Students in the District of Columbia Opportunity Scholarship Program are underprivileged, the program is successful, and it actively engages and empowers parents. Of all the pork that could have been eliminated from the federal budget, why was the very education success that politicians and educrats clamor for revoked? The answers are political. Teachers unions, which heavily support Democrats, don’t approve of scholarships to private schools. And professional lobbyists didn’t lobby for this program.
Since it was signed into law by President Bush in 2003, the Opportunity Scholarship Program has offered funding for about 6,000 students, allowing them to escape poor public schools and get a private education. These lucky ones, among the 17,500 students who have applied since 2004, receive vouchers amounting to less than half what their local public school spends per student. More than 95% of recipients of these need-based scholarships are African-American or Hispanic, three out of five families received food stamps, and they had an average household income of $21,434, in the past year.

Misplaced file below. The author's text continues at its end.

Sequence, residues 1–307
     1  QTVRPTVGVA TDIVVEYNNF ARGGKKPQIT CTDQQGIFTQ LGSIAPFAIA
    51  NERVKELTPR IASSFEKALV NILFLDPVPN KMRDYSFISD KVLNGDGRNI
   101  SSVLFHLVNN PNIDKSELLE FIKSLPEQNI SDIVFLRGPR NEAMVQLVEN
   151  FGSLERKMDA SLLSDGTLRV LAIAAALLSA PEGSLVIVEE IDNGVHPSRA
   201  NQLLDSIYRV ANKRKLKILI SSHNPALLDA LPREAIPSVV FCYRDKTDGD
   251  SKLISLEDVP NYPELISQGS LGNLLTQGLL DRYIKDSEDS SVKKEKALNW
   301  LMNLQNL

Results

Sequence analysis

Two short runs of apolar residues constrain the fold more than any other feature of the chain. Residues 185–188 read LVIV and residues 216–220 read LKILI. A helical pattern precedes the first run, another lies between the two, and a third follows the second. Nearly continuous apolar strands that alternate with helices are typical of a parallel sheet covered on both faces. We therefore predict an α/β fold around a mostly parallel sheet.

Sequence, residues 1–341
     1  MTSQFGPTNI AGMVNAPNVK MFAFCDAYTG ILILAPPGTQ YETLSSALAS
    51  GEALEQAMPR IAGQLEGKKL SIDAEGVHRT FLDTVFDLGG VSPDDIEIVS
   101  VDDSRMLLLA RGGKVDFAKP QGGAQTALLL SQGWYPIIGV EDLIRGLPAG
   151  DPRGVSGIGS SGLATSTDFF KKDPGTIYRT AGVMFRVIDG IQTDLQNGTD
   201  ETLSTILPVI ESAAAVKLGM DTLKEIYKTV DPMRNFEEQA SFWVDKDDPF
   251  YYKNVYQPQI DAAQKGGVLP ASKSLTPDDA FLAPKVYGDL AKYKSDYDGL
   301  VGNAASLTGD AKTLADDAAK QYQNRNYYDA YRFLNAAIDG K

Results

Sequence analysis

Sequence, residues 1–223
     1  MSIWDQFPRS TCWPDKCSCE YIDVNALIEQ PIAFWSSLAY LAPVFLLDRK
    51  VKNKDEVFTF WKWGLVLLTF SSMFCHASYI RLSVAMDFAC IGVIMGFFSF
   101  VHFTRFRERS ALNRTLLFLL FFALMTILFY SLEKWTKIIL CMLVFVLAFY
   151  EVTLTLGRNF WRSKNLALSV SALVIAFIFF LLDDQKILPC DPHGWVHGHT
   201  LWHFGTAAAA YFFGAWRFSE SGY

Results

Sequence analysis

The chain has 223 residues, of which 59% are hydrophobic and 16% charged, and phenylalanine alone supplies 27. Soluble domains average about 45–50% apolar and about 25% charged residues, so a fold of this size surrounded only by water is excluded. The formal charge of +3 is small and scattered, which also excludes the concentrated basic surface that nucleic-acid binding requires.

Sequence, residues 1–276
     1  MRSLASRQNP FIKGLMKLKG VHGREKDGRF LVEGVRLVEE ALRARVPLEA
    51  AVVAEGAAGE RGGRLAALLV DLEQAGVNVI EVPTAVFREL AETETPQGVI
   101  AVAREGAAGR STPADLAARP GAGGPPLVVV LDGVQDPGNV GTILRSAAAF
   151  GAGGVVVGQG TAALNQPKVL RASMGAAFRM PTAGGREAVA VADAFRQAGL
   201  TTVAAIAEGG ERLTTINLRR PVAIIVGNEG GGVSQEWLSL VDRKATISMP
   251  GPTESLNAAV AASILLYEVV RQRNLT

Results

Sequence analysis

The 2014 Opportunity Scholarship program graduation rate was 90%, compared with 58% at D.C. public schools. Among Opportunity Scholarship recipient graduates, 88% enrolled in two- or four-year colleges.
In 2004, Sheila Jackson’s daughter wasn’t doing well in math at her D.C. public school, but she found teachers unwilling to help her. When Jackson heard about the Opportunity Scholarship Program (OSP), she enthusiastically enrolled her daughter, who became valedictorian at her private school and is now a college student majoring in biology. Sheila Jackson is currently on the OSP board and will fight for its survival.
The program was almost eliminated by President Obama and the Democrat-controlled Congress in 2009, when they prohibited new applicants. Outraged D.C. parents fought back and the program was eventually saved by the new Republican majority in 2011, specifically through the efforts of former Speaker John Boehner.
Founder of the Center for Urban Renewal and Education (CURE), Star Parker, calls the new federal budget “a grand structure on which every political interest imaginable has hung its own pet program.” Parker and D.C. parents who expected the OSP to be renewed for five more years were shocked when it wasn’t. Lawmakers allowed the Opportunity Scholarship Program to be stripped from the budget at the last minute. Some place particular onus on the Congressional Black Caucus that would seem to have a vested interest in continuing a program that ensures the successful education of young people of color.